Saturday, January 20, 2018

The government has officially shutdown, so what are the expectations for the gold price?

As Congress debated long into the night of Friday on whether to raise the debt ceiling, pass a short-term Continuing Resolution (CR), or simply play politics and let the government shutdown, gold and silver prices recovered a bit from the paper slamdowns they received over the two days prior.

But now that the government has officially found itself absent of money, what has historically been the result for gold during previous periods of shutdowns?

Historical chart of government shutdowns:


Rather than post the charts for gold prices for every single shutdown since 1976, we are going to show about five charts from the past 40 years, and the reactions for gold throughout those past four decades.

In September of 1976 gold soared after being stagnant for most of the year leading up to the September month when the government was shutdown for 10 days.  However as you can see from the chart, once the shutdown occurred gold prices climbed approximately 30%.


Fast forwarding to 1982, which was a period following the bursting of the gold markets and raising of interest rates by the Fed to 21%, the price of gold rose from the end of September through the end of the year in tandem with the start of the shutdown.


Moving forward to the next decade, we will look at the gold price chart for the two shutdowns that took place in 1995 during the later quarter of the year.


Both shutdowns in 1995 occurred in November and December as Congress played the game of Continuing Resolutions until they finally agreed upon raising the debt ceiling in late December.  And during those months the price of gold rose slightly, but did not lose any ground from the bottom set on Nov. 1.

2013 saw the longest government shutdown of the past 40 years as it took Congress 21 days to finally settle on a compromise.  But interestingly, gold did not rise during this three week shutdown period, and instead fell as it appears the banks purposely dedicated manipulation efforts towards keeping the price depressed.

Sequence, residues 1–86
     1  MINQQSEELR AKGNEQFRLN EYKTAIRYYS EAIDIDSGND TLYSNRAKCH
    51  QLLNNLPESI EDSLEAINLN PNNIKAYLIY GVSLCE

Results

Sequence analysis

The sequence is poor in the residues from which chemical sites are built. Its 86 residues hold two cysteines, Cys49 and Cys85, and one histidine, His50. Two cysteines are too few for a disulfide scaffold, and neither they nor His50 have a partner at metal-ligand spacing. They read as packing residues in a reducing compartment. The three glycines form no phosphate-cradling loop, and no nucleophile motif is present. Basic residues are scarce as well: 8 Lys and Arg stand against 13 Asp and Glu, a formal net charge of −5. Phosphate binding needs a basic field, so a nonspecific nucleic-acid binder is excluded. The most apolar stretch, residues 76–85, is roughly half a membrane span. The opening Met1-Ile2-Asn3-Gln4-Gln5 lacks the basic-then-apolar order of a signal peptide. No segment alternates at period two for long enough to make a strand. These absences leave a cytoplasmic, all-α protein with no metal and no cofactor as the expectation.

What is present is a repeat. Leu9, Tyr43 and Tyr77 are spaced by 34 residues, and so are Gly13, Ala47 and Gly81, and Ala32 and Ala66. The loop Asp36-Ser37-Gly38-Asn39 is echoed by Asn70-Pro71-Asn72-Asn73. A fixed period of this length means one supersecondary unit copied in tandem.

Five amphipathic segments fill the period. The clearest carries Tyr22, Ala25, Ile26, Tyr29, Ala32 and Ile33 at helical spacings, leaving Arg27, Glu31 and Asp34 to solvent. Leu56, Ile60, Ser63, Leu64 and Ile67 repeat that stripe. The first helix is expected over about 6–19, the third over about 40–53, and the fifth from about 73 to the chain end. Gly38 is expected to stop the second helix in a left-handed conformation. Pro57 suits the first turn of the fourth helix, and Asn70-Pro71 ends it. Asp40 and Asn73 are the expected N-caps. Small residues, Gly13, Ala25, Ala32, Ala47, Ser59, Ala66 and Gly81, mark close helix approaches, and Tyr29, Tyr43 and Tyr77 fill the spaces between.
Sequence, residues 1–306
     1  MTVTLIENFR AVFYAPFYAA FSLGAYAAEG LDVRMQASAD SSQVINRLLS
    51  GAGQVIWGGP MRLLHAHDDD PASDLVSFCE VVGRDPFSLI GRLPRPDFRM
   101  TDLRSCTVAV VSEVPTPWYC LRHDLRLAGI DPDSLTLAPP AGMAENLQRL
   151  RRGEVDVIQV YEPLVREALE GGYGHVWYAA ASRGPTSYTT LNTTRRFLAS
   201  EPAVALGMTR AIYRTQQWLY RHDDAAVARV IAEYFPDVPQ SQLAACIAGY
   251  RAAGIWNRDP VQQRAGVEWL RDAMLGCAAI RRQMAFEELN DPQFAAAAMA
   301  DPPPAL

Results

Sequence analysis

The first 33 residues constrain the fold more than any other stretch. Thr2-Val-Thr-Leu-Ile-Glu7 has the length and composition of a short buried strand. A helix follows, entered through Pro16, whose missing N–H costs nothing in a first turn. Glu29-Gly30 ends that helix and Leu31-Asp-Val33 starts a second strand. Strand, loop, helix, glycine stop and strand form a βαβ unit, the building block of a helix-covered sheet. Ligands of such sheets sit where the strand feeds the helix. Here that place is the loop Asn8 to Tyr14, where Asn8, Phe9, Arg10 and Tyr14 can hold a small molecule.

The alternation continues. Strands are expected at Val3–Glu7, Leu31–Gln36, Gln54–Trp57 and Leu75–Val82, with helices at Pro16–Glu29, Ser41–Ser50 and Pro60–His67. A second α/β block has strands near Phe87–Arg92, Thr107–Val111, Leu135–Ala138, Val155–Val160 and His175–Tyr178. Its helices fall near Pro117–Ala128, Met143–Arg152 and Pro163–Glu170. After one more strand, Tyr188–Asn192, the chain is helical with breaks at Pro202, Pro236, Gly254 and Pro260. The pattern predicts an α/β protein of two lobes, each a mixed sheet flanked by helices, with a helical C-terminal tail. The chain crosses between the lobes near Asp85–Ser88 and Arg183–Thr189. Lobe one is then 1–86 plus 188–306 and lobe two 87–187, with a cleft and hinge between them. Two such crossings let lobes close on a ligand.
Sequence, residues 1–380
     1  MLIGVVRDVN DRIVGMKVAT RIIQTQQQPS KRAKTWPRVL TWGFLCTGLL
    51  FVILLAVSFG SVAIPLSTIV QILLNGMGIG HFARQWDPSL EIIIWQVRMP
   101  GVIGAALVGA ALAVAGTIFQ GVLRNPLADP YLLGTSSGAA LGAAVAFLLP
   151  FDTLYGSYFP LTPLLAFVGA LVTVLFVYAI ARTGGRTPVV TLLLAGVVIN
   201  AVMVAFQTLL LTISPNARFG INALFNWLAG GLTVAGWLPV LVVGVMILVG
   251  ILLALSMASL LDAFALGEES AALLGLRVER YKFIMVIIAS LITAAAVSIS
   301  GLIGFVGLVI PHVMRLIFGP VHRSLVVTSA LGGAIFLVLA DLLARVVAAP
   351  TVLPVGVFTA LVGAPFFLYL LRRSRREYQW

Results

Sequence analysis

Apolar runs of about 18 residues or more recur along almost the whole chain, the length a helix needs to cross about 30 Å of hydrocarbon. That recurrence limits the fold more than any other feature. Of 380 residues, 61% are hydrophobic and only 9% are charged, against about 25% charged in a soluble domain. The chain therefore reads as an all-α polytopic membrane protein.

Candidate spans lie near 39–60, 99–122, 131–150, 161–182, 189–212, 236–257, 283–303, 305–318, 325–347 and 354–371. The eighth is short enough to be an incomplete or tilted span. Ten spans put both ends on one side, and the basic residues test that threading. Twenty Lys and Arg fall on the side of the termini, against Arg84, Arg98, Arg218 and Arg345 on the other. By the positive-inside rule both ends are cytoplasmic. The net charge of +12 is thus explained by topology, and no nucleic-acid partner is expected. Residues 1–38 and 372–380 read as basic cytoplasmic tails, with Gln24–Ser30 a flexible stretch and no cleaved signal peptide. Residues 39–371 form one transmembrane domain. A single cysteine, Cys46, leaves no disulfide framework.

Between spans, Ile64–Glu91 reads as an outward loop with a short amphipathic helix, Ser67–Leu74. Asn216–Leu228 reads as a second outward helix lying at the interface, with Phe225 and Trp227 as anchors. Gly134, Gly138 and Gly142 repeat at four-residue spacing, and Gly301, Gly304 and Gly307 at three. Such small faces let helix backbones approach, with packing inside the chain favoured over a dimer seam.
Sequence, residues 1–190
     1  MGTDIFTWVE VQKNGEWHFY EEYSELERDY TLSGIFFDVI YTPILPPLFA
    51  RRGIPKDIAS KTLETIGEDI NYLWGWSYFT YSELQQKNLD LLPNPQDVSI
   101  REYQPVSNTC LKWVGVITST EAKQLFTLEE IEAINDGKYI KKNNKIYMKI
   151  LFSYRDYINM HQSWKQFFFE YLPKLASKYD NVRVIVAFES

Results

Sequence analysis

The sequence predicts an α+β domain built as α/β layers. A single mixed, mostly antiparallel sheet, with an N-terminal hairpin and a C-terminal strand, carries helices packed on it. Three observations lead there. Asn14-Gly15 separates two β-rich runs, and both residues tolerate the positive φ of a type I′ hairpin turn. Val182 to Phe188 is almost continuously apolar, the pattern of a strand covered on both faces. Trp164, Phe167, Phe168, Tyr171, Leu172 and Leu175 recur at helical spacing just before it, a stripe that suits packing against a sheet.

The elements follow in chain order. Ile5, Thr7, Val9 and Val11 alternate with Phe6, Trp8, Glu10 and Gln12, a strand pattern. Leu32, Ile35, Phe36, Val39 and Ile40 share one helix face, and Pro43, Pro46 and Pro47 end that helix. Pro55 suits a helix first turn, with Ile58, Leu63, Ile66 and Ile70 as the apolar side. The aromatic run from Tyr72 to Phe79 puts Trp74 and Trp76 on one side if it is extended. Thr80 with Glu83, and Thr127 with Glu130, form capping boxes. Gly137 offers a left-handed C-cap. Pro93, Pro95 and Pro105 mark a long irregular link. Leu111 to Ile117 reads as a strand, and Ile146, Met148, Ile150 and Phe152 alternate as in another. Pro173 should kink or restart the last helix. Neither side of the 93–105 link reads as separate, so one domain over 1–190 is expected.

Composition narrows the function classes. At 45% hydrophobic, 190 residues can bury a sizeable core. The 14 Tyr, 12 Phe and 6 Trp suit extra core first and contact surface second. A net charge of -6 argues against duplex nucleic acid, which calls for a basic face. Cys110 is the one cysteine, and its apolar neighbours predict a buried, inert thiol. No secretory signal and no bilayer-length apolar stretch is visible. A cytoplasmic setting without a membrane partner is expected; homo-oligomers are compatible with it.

One thing to note back in 2013 is that President Barack Obama called a meeting with 15 bank CEO's at the White House on the second day of the shutdown, and it is believed that these bankers were directing the President on policies for which they and the Treasury were going to do during the time the government was shutdown.  And since they had enacted a policy of gold and silver price manipulation since 2011, it was not surprising that this again occurred at a time when Americans should have been buying gold en masse, and foreigners would have swapped out their Treasuries for the same thing.

Now with the government once again shutdown and without the ability to borrow money to fund services the question for the gold markets is will the price move higher the longer the shutdown continues, or will the banks act in accordance as they did five years ago when they kept the price depressed through the paper markets?

Time will tell.

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